Liz Clarke walks around the CHSS field with her children Reidar and Hillary Stava. The mother was told strollers are not permitted on the track.

Liz Clarke walks around the CHSS field with her children Reidar and Hillary Stava. The mother was told strollers are not permitted on the track.

No strollers rule peeves Prince Rupert soccer mom

A Prince Rupert mother is questioning a rule prohibiting her from walking with a stroller on Charles Hays Secondary School's track.

A Prince Rupert mother is questioning a rule prohibiting her from walking with a stroller on Charles Hays Secondary School’s track.

Liz Clarke, a mother of three, said she was walking with her stroller around the CHSS track, while her 11-year-old child was playing soccer, when she was approached by a person who told her she wasn’t allowed to do so.

Clarke had noticed the sign erected near the track that reads “no wheeled devices”, but thought it applied to wheeled recreational devices such as bicycles, skateboards and rollerblades, not devices “for people of limited mobility”.

“I would put a stroller in the category with a wheelchair, not a bicycle,” she said.

Clarke contacted the school district regarding the rule, and said she was told the issue is the weight of the devices.

“I either need to carry my two young ones onto the field or stay in the parking lot,” she said, adding the situation puts herself, and other parents, in an awkward place.

When contacted by The Northern View, School District 52 secretary-Treasurer Cam McIntyre said the rule has always been in place at the high school’s track.

“It’s been a long-standing policy in respect to that track. We follow the manufacturer’s recommendations, and they suggest not having any wheeled devices on the track,” he said.

“We want to ensure we have that track for the use of the students for a long time before we have to spend [a lot of] money again to refurbish it,” he said, adding a number of years ago the school district had to refurbish the track for approximately $.5 million.

Clarke acknowledges the reasoning, but doesn’t believe it’s practical.

“I understand the intention is preserving the track, but realistically this is a school field at a school so there are going to be siblings of younger age,” she said.

Clarke has been put between a rock and a hard place because she has not only the 11-year-old soccer player but also a two-year-old and an eight-month-old infant.

Parents and guardians of children in soccer are discouraged from dropping their kids off at the track to play. While many parents do, Clarke said she prefers to stay.

“Part of being active is being a good influence and setting a good example. Keeping [the younger children] separate from everything, or at home … is unfair,” she said.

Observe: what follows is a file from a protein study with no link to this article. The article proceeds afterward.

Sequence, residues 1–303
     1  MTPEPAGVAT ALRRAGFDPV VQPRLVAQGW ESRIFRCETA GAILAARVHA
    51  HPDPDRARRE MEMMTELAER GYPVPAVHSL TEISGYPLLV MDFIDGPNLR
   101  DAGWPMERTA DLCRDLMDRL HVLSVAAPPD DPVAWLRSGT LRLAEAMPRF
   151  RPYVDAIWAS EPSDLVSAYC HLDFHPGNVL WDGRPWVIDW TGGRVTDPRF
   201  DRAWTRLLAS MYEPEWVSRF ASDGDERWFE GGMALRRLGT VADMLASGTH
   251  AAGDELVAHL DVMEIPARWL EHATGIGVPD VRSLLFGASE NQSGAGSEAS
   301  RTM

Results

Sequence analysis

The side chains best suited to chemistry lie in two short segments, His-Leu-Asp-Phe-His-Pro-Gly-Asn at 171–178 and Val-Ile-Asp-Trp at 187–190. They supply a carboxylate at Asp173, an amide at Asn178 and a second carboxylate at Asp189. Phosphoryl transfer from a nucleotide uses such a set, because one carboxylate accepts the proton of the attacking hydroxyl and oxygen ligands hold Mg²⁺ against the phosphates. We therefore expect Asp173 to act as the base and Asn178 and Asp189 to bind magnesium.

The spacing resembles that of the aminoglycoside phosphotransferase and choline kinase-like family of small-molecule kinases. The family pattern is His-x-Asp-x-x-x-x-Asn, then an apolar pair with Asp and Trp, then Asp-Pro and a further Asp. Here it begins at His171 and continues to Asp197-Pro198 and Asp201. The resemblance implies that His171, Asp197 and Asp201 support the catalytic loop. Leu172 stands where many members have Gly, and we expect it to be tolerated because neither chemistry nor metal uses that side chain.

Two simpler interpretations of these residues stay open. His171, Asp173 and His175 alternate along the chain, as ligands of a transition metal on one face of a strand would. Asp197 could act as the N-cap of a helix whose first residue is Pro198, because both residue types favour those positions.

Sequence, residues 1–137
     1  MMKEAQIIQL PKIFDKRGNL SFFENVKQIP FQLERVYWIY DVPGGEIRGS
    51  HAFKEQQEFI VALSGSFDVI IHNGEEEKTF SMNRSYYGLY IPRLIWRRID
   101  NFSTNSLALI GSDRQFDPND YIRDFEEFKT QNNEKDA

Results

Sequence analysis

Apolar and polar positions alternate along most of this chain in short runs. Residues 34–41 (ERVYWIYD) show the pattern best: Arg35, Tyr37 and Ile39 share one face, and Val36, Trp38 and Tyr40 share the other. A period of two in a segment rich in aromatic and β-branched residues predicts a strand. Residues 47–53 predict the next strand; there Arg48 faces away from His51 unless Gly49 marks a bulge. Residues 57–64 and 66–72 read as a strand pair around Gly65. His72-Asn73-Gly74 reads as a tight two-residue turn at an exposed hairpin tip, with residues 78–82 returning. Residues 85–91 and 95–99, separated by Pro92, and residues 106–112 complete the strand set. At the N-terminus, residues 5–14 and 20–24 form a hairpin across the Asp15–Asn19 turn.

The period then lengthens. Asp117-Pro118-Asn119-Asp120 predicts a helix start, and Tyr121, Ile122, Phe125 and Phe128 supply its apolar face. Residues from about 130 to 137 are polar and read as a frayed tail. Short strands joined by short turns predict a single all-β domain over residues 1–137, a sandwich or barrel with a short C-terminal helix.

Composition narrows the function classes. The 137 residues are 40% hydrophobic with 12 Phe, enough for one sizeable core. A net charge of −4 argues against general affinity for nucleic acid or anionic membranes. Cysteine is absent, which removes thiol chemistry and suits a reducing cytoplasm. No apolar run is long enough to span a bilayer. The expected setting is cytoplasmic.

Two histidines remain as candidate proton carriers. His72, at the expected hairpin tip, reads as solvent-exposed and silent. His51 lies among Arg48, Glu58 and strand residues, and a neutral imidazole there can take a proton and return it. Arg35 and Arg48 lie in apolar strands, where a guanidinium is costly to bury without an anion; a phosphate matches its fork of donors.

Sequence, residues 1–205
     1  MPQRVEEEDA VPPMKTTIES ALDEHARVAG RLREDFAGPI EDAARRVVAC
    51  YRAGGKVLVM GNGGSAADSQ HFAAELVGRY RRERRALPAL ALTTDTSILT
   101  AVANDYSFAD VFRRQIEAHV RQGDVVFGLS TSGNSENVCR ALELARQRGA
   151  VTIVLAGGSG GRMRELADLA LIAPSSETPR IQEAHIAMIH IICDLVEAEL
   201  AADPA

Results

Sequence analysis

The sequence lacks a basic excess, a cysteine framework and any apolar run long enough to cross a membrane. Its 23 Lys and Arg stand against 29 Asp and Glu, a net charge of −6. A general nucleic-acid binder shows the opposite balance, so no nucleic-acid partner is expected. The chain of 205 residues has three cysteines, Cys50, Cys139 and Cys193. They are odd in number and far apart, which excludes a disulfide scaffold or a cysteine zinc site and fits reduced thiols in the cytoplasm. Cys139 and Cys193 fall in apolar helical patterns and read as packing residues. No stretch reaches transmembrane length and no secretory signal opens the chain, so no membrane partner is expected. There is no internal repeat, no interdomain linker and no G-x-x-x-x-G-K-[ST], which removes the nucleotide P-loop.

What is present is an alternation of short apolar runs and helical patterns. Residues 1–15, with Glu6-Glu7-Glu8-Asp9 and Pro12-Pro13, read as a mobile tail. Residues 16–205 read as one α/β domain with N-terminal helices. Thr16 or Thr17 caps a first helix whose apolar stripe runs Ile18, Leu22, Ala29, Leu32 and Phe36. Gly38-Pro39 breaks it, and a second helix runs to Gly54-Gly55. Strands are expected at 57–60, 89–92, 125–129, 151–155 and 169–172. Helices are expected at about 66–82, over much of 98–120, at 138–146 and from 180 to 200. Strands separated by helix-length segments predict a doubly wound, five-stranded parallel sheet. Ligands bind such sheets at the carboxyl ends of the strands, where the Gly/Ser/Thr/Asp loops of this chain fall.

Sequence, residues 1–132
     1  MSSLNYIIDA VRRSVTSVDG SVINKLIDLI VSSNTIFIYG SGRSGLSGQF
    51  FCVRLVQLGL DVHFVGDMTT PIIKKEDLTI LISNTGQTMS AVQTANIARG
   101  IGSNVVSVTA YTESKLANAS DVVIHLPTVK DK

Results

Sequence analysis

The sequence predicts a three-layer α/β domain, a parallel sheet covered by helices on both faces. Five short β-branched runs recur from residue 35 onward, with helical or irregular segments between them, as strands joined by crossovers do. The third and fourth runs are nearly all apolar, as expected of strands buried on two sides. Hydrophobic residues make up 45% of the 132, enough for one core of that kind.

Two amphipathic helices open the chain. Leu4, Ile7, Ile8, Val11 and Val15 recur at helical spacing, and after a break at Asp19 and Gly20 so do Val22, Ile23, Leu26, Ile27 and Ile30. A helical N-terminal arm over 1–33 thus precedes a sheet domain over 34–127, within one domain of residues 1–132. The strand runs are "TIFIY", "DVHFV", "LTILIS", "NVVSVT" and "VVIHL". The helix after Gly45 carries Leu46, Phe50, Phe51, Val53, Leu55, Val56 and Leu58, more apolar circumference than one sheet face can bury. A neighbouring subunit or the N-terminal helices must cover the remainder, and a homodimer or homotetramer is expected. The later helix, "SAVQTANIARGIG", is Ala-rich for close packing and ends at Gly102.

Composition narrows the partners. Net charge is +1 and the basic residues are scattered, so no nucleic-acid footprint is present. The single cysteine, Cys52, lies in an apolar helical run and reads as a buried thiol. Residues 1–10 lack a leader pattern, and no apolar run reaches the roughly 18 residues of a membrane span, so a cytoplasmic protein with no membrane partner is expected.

McIntyre suggested parents of young children could bring them on the track in a baby backpack, or if they are old enough have them walk onto the track.

But Clarke said having her two youngest children out of the stroller has caused a list of other issues, like her eight-month-old putting objects he finds on the ground in his mouth, and her two-year-old running onto the field.

Additionally, the mother said walking around the track during her child’s soccer practice was also convenient for her.

“For all the reasons that anyone who doesn’t have kids in a stroller would want to use it is exactly why I would,” she said, adding in this day and age anyone who can do two things at once is satisfied.

Clarke said the track was an ideal location to get back into shape because of its flat surface, and lack of tripping hazards.

But McIntyre argues there are many alternative places parents can walk with their children in strollers in Prince Rupert, and said the CHSS track is not one of those places.

“I think it’s reasonable considering the cost and value of the track, and the need to protect and maintain it for a long time,” he said.

McIntyre said the track is meant for people to be running and walking on, not for wheeled devices to be utilized on. The only exception to the rule are wheelchairs, as it would be unfair to prohibit disabled individuals from being able to use it.

McIntyre said if there was also an exception for strollers it would be hard to enforce where the line is crossed.

Clarke argues that most strollers have rubber wheels, are lightweight and never airborne.

“I don’t think the rule was put in place maliciously, I just don’t think it was thought through,” she said.